The Eternal City
Our trip to Rome consisted of four intense days visiting sites all over the city including St. Paul Outside the Wall, the Roman Forum, Colosseum, St. Peter's Basilica, The Vatican Museums, the Borghese Gallery and many other sites.
Our trip to Rome is unlike any of our other group trips in that we do not use onsite teachers. Instead, each student is assigned a site or topic to research beforehand and then has to teach the rest of the group when we arrive in their given location while in Rome. Each student becomes the information source for the rest of the group to learn from.
While we are together during the mornings and some afternoons, the students are given free time each of the days to explore the city on their own so they can experience The Eternal City.
A couple weeks ago, we had the privilege of visiting Rome for a few days.
We saw all of the iconic places: the Pantheon, Colosseum, and of course the Trevi Fountain - places we've only seen in history books (and for all of us on the trip, our many viewings of the Lizzie McGuire Movie). They truly were dreams come true, but it was something else that really caught my eye and made me think a little bit harder.
A few of us stumbled across a cat sanctuary located amongst a city of ruins. Somehow, seeing all of the cats roaming around, made me imagine the time when it would have been people doing the roaming. What did they wear? What did they eat? How did they approach relationships with others? You can read anything you could possibly imagine in a history book, but somehow seeing the ruins with your own eyes helps it "click". It was so fascinating to me to put two and two together - this must have been an amazing place. So when in Rome? Do as the Romans.
Several of us decided to spend one of our nights living like Italians - we went out for a four course dinner. From the bruschetta to start to the tiramisu for desert; we laughed, shared stories and simply enjoyed each other's company. It was there, around the table, where so many memories were made. We were distracted from the technology and all other worries, and three hours seemed to vanish in no time at all.
When we paid for our meal, I realized that's how it must have been back then - people enjoying the company of other people. No technology or possessions to distract from the building of relationships: they just had people. And I think that's what this adventure is all about and that's what HUF is all about.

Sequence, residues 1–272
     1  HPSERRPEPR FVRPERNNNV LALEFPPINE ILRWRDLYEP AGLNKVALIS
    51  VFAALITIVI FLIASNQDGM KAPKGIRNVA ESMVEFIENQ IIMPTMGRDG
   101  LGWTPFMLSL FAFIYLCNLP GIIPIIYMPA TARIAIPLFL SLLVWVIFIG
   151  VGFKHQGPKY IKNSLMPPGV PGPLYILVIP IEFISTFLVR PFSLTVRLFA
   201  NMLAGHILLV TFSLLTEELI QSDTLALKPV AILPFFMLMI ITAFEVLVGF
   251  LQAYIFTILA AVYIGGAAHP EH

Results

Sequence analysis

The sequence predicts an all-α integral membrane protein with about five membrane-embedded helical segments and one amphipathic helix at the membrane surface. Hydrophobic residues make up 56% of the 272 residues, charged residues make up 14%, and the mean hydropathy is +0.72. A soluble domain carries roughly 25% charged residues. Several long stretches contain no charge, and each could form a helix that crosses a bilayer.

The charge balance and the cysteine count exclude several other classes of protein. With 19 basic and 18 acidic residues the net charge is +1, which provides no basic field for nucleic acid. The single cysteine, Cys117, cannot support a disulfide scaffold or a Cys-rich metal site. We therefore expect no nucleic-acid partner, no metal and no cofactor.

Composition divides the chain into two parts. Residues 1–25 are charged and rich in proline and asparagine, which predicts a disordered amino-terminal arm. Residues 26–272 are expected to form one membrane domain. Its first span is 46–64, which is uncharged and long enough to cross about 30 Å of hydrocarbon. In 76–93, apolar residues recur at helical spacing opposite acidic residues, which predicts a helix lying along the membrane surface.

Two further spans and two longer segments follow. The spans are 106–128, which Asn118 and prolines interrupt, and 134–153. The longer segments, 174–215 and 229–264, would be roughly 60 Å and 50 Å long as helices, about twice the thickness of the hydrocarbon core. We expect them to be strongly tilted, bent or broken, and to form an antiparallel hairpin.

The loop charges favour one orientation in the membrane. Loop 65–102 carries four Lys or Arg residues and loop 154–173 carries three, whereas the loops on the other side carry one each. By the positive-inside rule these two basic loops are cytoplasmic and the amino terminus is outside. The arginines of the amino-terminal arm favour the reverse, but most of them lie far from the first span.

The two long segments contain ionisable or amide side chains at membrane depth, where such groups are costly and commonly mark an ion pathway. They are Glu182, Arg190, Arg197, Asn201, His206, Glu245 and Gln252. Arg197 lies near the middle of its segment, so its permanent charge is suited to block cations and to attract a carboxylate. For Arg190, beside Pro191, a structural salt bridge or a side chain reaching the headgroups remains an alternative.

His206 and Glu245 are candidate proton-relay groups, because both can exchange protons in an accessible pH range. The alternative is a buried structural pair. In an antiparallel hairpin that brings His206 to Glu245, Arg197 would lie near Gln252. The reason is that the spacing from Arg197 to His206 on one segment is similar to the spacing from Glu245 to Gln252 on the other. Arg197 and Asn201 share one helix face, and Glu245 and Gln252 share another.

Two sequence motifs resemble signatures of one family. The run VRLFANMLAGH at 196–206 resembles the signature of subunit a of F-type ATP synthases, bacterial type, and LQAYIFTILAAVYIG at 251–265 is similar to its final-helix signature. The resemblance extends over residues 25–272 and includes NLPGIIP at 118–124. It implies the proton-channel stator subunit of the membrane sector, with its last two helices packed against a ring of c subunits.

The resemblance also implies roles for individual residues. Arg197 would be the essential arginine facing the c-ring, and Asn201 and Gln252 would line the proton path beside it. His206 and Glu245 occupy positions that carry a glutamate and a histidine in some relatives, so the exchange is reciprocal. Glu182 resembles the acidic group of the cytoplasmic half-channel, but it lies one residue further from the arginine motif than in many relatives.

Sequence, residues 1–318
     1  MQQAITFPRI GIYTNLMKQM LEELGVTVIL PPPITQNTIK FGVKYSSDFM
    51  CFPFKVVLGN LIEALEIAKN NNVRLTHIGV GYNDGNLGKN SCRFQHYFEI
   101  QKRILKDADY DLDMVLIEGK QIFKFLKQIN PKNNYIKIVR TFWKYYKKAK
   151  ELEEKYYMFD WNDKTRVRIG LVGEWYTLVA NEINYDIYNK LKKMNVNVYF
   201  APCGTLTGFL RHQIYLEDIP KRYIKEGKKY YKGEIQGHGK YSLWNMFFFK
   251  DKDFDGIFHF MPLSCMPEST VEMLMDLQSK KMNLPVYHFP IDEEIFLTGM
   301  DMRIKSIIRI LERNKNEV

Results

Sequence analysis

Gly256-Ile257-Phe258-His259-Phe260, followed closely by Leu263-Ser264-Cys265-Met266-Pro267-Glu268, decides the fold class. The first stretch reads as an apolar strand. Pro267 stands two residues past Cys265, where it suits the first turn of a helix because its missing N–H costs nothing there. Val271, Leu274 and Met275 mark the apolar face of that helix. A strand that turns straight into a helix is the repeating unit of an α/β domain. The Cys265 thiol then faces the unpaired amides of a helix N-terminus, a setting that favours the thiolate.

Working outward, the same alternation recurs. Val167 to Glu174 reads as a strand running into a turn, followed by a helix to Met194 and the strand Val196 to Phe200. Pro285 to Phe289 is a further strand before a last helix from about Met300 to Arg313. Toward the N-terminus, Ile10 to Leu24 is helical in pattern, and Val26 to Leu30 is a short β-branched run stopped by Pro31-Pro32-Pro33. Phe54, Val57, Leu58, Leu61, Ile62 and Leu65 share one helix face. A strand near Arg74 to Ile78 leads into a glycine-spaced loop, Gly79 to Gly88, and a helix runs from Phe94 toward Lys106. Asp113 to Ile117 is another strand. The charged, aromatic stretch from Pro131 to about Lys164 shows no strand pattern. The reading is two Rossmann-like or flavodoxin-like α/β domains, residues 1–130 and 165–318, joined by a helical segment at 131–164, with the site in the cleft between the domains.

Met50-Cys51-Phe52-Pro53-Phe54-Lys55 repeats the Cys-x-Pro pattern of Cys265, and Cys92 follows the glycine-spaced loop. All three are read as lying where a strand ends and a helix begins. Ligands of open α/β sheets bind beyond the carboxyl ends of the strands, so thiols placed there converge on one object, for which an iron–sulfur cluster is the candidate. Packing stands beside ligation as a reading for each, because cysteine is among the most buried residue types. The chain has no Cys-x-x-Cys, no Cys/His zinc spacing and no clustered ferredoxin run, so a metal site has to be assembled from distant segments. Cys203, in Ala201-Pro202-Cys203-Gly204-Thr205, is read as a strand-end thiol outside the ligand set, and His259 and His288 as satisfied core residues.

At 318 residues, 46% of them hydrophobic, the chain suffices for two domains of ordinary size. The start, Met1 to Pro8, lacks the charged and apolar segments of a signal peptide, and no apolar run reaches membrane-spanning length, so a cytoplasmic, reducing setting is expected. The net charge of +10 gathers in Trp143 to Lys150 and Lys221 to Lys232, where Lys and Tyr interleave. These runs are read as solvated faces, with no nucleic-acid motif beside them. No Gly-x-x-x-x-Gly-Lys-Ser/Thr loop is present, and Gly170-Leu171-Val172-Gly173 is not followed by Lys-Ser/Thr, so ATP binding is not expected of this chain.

I very much enjoyed my time in Rome seeing the ruins of a once great (and still great) city. However, I also couldn't wait to return to our beautiful villa in Florence to continue building those relationships around the table as I had just done "when in Rome".
-Kailey, HUF student
Be the Difference - Never Again
From the Director:
For several years, HUF students have been involved with a program called “Be the Difference – Never Again.” This program, with its various projects, was started by Elizabeth Bettina, author of the book “It Happened in Italy,” along with myself. If you go to the programs website (click here) you can watch a 10-minute video we put together last year that explains how we participate in this initiative with the HUF students. We have already completed the first part of the program: students watched the video “From a Soldiers Eyes” three weeks ago. Then, on Monday, October 17 the students watched "Debt of Honor" (a PBS documentary).
Each student was assigned a US soldier who is buried at the Florence WWII cemetery and asked to find as much information as possible about that individual. On Wednesday, October 19 students from Kent State University and Kennesaw State University joined the HUF students in Scandicci and bused together to the WWII cemetery near Florence. Fiorenzo Iacono, cemetery administrative assistant, welcomed us and shared some introductory information with the students about the cemetery. More information about the Florence American Cemetery can be found here.